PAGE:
• The animation for modal sheets is absolutely embarrassing. I much preferred the previous design, where they slid down and out from the title bar or toolbar.

  • I initially disliked the new status bar icon spacing, but now I kind of like it. It would be nice if it were configurable — perhaps you could select between “normal” and “compact” spacing. I have a lot of status bar apps/icons. When using most apps, the spacing is ok. But for Xcode and other apps with large menus, the status bar gets truncated, which is annoying. I would rather have the status bar icons dynamically switch to a configurable “compact mode” in those scenarios.

  • The new unified title bar + toolbar looks nice, but now there is less space for buttons combined with increased padding around UI elements. This results in my toolbar buttons getting truncated and showing a chevron more frequently — even with window sizes that are not that small. It become so frustrating, that I have started to heavily customize the toolbar buttons for most apps. For example, in previous releases, I never thought that much about the toolbars in Finder windows and never customized them. In Big Sur, I have customized them to remove everything I don’t use, which is almost every default button. The end result is very nice, but it just feels odd that I have to make so many customizations to reach a state that feels usable.

  • Speaking of customizing, I dislike that you cannot customize the button on the left side of the new unified split view + sidebar. For example, in Mail, the button in this location is the “Filter” button. I don’t use it, and I don’t want it there, but I can’t remove it.

  • Overall, I think Finder looks great (except for toolbar buttons not looking enough like buttons and not having enough contrast). The folder icons and most other UI elements look great. The menus look nice, except for the grayed out keyboard shortcuts.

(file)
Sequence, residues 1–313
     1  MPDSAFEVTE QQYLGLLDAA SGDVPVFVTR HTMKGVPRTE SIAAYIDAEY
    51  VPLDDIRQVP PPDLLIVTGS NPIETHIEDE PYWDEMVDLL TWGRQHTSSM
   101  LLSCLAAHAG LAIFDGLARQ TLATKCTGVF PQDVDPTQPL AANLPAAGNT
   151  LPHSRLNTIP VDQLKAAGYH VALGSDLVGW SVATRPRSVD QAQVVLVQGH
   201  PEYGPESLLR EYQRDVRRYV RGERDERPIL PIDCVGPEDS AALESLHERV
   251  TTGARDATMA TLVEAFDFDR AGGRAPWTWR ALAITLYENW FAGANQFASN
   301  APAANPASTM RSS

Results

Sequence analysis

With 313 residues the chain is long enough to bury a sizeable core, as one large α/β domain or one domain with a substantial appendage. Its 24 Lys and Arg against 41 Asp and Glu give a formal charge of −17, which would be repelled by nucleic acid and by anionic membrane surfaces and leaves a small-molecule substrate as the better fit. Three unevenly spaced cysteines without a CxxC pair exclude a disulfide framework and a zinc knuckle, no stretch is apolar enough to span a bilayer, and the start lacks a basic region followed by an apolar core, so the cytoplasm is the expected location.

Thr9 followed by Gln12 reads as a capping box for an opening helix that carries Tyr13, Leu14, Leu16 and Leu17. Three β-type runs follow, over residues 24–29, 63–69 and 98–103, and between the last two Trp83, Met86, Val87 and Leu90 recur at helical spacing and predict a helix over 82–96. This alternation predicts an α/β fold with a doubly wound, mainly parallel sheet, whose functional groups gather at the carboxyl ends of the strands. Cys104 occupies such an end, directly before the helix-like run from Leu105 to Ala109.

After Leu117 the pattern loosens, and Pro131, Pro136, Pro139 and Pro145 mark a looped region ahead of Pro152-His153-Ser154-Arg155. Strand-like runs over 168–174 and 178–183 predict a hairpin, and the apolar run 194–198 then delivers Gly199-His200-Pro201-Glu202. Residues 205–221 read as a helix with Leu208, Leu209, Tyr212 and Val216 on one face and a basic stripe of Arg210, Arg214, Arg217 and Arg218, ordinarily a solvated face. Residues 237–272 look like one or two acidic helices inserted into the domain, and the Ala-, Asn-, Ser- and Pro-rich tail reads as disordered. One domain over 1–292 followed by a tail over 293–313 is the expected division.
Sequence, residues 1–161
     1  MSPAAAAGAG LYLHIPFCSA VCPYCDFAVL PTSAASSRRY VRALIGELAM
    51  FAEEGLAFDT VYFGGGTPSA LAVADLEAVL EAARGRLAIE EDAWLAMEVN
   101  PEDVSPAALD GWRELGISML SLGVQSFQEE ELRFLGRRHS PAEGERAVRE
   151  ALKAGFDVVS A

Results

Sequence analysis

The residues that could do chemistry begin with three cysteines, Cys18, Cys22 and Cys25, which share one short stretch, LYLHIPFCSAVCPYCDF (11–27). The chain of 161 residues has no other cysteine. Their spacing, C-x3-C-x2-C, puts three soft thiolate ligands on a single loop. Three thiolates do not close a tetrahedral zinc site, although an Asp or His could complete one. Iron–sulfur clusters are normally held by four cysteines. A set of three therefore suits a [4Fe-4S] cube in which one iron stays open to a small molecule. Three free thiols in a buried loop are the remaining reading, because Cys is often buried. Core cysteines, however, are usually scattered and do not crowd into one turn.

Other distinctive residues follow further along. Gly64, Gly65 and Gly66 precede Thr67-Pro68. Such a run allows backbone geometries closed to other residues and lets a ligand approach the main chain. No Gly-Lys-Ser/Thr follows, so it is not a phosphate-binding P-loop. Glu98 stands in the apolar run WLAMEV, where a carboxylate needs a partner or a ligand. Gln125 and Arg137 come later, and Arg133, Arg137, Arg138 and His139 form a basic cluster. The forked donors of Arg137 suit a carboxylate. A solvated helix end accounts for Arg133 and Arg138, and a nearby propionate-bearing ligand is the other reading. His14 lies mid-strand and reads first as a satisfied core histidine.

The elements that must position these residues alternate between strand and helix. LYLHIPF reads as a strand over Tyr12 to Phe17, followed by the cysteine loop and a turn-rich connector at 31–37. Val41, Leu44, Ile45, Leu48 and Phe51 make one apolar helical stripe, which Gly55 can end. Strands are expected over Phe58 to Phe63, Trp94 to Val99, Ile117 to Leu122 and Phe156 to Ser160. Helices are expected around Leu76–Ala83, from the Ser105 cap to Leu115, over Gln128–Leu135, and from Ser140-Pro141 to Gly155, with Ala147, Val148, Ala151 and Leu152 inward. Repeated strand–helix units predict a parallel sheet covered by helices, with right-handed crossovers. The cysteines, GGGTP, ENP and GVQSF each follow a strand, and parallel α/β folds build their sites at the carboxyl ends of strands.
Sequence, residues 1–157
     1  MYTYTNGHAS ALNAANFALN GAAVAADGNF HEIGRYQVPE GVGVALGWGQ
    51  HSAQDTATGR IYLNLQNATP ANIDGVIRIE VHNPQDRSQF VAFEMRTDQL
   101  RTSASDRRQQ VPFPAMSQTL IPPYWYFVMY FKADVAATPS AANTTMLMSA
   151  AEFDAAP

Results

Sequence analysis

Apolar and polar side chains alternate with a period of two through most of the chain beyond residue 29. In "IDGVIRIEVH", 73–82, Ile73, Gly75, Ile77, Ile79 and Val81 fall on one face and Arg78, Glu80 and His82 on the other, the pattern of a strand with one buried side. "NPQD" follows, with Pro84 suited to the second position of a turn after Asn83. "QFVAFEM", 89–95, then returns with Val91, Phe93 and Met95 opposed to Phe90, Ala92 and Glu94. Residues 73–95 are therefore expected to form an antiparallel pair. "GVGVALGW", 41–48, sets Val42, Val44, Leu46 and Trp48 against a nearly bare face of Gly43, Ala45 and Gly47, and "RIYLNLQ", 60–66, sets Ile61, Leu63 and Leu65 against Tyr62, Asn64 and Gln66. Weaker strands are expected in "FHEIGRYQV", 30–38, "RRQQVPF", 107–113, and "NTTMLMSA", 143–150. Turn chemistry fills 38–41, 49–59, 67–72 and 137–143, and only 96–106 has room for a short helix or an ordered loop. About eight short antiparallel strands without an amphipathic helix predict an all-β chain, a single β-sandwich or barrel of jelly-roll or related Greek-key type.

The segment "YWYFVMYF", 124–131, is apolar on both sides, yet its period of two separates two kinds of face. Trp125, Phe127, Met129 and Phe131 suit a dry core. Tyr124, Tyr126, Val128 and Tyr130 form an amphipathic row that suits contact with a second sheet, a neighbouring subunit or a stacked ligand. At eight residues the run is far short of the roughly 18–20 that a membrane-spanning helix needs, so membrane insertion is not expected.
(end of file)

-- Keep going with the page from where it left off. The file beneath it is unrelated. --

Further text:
• Some of the new icons for Apple’s apps look great — Safari, Xcode, Preview, Contacts, TextEdit, Time Machine, Font Book. Other icons, however, are just fucking ridiculous — QuickTime, Keychain Access, Disk Utility. I mean… what is that.

  • I love the new wallpapers, especially the dynamic ones.

  • I had a weird experience re-installing Reeder from the Mac App Store. It showed up in Launchpad, but not in Applications/ in Finder, until I relaunched Finder.

  • I setup my Notification Center widgets after upgrading, but after the first reboot they all disappeared and I had to redo everything.

  • Most of the new sound effects are simply great. However, I do not like the new trash sound effects. What happened there? The irony that the trash sound effect is trash is not lost on me.

  • Speaking of trash — Mac Catalyst apps. They are just terrible. Two quick examples:

    • Books.app previously had a toolbar button to toggle between a Grid and List view. Now that button is gone, and the option is buried in the View Menu. And it does not have a shortcut. The reason this is important is because List View is the only way to edit book metadata.

    • The Messages.app is a big improvement over the previous iteration in some aspects, but mostly because the previous app was utterly abandoned. Otherwise, Messages.app is a massive regression, thanks to Catalyst. Having feature parity with the iOS app is great. Hitting shift return adds a newline instead of sending your message — fucking finally. However, simple Mac-assed Mac app expectations are missing. For example, selecting a message thread and hitting cmd delete no longer deletes the message. It does nothing, it does not even play the error “you can’t do that” sound. This is because of Catalyst. With AppKit, you essentially get that functionality for free.

    • Every Catalyst app has dozens of these little paper cuts, and they add up to create an infuriating experience compared to regular Mac-assed Mac apps.

Update 09 June 2021

A reader has pointed out that Books.app is, in fact, not a Catalyst app. So it really is just that bad. You can confirm using otool -L.

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Despite the issues, I would still say I enjoy Big Sur. It works. It hasn’t crashed or lost any of my data. My gripes are about tiny cuts and the UI regressions — all of which can be easily fixed. The problem, however, is if Apple is committed to fixing them or willing to ignore them for multiple years — like those keyboards.